Tony has an Instagram account is about acne positivity and skin care, and she told HuffPost that she’s faced that stigma.

“I felt judged by others at work because of my acne,” she says. “Even though I’ve never been approached directly with comments, I’ve noticed the stares that come from having a pimple on my face.”

People with acne can face pressure to cover acne with makeup while at work, said Lavinia Rusanda, a chemical engineering intern from Canada.

“I’ve seen this come from a lot of people who think acne is unsanitary. “You don’t take care of yourself,” she says.

Rusanda talked about not hiding acne on her TikTok account. She said that people should wear makeup for themselves, not for other people.


Sometimes you just need to wear an acne patch to work when your hormonal acne is bleeding! ❤️ #acnepositive#acneproblems#acneskin#acne treatment#acnenormal#skinpositive#skincare#skin care tips#skincaretip#beautyhack#beautyparadis#skincarehack

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“I definitely encourage people not to wear makeup out of necessity, because wearing it is so much better than waking up in the morning and feeling like a nuisance,” says Rusanda.

Rusanda adds that she hasn’t received any negative feedback about working without make-up, which she attributes to being public about her acne on her social media accounts. Let’s say you’re thinking about giving up makeup on acne at work. In that case, she recommends doing things that make you feel confident, like wearing your favorite outfit or doing your hair your favorite way.

Wester believes that the stigma of acne in the workplace will gradually disappear as more young people enter the workforce.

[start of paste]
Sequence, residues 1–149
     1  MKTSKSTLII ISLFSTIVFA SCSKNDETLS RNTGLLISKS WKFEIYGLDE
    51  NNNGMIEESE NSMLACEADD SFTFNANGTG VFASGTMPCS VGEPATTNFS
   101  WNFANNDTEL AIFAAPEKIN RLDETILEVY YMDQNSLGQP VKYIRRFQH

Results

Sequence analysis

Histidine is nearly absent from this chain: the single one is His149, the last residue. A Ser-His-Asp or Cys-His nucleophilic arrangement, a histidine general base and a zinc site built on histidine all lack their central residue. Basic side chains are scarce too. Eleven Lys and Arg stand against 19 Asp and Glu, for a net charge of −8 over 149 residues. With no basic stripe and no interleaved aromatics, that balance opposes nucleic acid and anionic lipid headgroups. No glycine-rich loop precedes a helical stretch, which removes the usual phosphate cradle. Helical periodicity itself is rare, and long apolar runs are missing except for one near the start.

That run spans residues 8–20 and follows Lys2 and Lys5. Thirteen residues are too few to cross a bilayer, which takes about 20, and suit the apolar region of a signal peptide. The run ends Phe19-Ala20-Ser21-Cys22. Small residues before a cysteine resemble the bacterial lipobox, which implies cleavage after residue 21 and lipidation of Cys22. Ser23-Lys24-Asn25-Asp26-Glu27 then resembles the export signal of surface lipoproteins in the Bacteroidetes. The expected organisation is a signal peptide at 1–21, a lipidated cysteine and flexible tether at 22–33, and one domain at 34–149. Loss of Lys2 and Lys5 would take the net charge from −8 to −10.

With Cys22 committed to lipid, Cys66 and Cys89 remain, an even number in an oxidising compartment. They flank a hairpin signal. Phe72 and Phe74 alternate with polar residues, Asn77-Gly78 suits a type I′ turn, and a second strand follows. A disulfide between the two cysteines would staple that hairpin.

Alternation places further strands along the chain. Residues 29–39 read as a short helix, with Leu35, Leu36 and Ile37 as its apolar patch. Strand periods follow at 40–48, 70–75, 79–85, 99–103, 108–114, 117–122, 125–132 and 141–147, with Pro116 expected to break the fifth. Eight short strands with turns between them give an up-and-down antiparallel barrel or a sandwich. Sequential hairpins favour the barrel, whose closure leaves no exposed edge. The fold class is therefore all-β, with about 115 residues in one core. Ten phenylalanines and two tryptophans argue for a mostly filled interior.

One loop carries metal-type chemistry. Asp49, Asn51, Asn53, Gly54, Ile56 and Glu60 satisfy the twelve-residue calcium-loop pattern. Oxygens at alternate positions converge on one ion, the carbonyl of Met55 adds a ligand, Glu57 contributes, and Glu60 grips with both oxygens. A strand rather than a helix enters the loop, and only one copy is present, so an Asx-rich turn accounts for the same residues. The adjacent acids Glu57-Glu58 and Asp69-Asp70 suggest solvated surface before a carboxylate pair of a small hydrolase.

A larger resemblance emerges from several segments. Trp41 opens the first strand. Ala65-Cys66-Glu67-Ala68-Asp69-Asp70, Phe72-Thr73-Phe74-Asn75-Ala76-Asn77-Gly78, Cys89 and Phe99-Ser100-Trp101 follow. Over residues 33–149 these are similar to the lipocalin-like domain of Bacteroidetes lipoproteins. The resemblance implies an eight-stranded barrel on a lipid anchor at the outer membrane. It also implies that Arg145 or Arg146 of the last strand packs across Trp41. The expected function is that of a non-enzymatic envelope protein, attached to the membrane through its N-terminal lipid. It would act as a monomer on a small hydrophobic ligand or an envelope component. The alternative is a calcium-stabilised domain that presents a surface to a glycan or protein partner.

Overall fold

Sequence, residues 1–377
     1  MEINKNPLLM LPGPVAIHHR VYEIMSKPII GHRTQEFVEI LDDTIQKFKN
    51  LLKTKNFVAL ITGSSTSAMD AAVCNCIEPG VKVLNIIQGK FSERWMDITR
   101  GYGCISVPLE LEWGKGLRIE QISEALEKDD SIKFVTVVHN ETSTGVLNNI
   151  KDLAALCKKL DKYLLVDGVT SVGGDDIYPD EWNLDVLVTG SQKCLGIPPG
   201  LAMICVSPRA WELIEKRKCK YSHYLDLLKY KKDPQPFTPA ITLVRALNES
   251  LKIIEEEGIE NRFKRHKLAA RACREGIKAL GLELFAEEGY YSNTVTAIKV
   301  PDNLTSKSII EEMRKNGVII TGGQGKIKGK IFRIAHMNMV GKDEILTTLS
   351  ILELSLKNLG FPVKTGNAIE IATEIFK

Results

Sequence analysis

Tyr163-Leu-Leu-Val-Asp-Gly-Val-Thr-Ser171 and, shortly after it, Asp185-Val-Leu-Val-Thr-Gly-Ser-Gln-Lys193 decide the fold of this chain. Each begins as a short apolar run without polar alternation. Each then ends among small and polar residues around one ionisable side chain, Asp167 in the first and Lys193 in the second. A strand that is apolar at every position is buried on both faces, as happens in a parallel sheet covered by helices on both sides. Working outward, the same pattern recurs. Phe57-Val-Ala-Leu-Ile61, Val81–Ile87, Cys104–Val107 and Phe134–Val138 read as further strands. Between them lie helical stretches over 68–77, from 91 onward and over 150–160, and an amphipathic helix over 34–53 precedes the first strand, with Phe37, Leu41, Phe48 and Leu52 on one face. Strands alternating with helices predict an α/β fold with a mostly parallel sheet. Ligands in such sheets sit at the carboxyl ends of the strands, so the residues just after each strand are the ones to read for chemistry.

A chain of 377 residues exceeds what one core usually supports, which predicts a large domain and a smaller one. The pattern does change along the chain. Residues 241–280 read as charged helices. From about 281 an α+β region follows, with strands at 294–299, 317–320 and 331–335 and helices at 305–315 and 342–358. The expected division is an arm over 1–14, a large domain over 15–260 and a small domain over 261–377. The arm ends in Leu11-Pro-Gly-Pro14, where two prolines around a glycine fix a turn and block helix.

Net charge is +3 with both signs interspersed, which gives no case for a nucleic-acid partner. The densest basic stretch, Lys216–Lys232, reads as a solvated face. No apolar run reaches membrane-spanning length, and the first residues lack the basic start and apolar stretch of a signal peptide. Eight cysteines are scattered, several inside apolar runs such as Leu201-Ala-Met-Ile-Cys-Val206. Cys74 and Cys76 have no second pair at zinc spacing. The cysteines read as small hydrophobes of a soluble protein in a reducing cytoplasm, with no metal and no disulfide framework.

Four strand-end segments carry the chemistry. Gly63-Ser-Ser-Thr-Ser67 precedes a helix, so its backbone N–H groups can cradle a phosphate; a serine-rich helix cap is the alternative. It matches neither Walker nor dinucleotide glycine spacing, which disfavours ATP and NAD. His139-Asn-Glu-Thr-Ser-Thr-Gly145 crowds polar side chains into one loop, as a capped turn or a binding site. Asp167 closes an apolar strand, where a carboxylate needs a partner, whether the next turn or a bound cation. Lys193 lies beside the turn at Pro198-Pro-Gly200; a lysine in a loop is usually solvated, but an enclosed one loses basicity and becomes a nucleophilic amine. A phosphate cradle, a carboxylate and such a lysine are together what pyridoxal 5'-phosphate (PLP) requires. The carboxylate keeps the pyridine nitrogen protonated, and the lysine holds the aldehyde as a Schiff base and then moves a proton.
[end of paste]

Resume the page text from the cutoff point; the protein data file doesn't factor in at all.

“I see a lot of the younger generations who refuse to wear makeup, refuse to cover their tattoos, their ‘no, this is who I am.’ You either hire me or you don’t [attitude]”, she says. “It’s a really good attitude for workplaces because nothing is going to change unless people start accepting others for who they are, and I feel like that really includes skin conditions.”

It can also help to realize that you’re not the only person dealing with body image issues at work.

“While you may feel alone with acne, you’re not alone in your body image struggles,” says Garcia. “You may be sitting in that work meeting afraid of how people will look at your acne. Your colleagues are focused on their own insecurities. They think about their hair, clothes, weight, teeth, nose; you name it. As a therapist, I’ve heard everything.”

What to do if you’ve received unsolicited advice about acne

When you get comments from friends and family members about your acne flare-ups, Rusanda recommends taking a step back and reminding yourself that this person isn’t in your head. “Understand that they may be ignorant and educate them,” she says.

Rusanda advises using phrases like, “I’d appreciate it if you might not point this out in the future, because I already know what’s going on with my skin. I’m also very knowledgeable about what products I should be using and I’m working on it, so I don’t really need that advice, but I appreciate your concern.”

Wester says she used to swallow her discomfort and pretend to listen when people shared unsolicited opinions with her about acne at work. Now she calls him and turns him off.

“I’ll say, ‘You know this is my skin condition, which is between me and my health care provider, my dermatologist, who is helping me with this. I’ve tried everything you have to offer, so I’d really rather not discuss my skin.’ It turns her off right away,” she said. “I know it’s definitely made some people feel really uncomfortable because they’re going to start apologizing… I’m fine with saying that if it means they’re not going to ask other people about the condition their skin.”